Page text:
Master Builders Australia releases construction industry forecasts

Master Builders Australia has released an update to its forecasts for the building and construction industry out to 2026.

Despite the effect of short-term challenges, such as interest rate rises and inflation, Master Builders Australia forecasts that activity in the construction industry is likely to expand steadily over the medium term – although there will be considerable variation in the pattern of growth by subsector (civil and engineering, non-residential, and residential construction).

According to the update, the outlook for non-residential building activity (social, cultural, retail, commercial and warehousing) is reasonable with a small decline in 2023 but steady increase from 2024 to 2026.

“Master Builders remains concerned about the potential impact of unfavourable changes to the industrial relations framework for non-residential activity,” said Master Builders Australia Chief Executive, Denita Wawn.

“Changes already made and intended are likely to mean higher costs and lengthier rollout times. Were it not for these changes, the forecast growth rates would be more substantial.”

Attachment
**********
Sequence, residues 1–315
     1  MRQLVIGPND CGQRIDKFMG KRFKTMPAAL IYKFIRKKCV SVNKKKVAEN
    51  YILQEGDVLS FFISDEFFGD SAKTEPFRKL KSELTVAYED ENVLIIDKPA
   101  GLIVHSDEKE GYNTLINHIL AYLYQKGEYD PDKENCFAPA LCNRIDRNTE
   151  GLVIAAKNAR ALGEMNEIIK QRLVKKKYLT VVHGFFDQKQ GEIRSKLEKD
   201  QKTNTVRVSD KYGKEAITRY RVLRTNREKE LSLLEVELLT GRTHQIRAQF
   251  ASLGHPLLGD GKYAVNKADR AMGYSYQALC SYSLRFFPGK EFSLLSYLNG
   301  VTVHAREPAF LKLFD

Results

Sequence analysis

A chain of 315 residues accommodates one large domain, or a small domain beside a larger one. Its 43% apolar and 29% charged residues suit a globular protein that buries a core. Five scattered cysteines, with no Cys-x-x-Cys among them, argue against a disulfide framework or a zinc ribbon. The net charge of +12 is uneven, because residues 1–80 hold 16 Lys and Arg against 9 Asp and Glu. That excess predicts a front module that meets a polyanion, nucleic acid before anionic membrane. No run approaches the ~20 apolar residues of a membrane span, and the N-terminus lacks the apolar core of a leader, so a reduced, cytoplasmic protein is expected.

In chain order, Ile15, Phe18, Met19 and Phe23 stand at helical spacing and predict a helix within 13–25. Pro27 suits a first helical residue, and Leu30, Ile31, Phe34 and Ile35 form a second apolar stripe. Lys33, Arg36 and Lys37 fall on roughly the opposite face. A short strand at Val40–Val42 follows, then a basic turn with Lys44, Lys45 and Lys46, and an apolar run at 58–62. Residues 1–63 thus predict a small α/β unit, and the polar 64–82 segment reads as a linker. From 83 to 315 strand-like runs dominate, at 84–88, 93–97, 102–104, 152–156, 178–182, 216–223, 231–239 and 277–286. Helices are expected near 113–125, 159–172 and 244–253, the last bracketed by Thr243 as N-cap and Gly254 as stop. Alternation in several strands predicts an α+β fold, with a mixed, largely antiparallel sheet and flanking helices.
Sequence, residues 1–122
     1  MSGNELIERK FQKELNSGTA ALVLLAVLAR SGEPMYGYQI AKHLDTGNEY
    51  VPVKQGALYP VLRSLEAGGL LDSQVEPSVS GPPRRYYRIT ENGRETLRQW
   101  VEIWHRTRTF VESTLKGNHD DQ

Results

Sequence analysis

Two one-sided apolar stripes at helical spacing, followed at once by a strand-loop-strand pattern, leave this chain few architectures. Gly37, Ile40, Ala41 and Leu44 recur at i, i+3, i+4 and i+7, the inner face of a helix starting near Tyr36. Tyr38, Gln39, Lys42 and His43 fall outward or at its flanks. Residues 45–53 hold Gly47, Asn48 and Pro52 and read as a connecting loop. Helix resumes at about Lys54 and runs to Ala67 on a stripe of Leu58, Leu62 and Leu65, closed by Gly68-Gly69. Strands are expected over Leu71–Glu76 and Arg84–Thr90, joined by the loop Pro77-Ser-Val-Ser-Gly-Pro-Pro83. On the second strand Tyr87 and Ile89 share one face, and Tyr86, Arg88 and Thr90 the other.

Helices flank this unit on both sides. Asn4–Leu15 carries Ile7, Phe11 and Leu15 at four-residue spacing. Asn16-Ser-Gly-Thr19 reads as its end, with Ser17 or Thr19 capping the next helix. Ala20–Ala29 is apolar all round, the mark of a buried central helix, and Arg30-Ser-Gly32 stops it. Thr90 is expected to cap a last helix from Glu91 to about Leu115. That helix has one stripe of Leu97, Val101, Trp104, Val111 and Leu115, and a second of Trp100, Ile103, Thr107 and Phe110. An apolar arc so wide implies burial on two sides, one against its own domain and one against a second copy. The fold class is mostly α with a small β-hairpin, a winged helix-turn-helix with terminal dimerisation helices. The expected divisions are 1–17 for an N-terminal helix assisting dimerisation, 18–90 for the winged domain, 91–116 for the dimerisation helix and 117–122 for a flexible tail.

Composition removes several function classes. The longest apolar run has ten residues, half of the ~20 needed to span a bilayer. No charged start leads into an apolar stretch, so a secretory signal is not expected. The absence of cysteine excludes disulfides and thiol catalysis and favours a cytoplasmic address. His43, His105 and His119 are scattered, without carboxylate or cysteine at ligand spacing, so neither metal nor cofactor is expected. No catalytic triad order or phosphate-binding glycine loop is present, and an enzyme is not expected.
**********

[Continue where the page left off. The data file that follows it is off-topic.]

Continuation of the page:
Civil and engineering construction is forecast likely to show the strongest performance of the three sectors of the industry and while a small decline is forecast for 2023, growth is forecast for 2024-26.

On the residential front, 200,000 new homes need to be built each year to accommodate long-term population growth. Australia is likely to fall significantly short of this until 2026 given current interest rates hikes, inflation increases, and continued shortage of workers and materials. Activity on the medium-high density side of the market is likely to be particularly slow.

“Our members continue to be frustrated with lengthy delays in approvals for land title, building applications, and occupation certificates,” said Mrs Wawn.

“Shortage of land in the right places, high developer charges, and inflexible planning laws also restrict opportunities to meet the housing needs of our future.”

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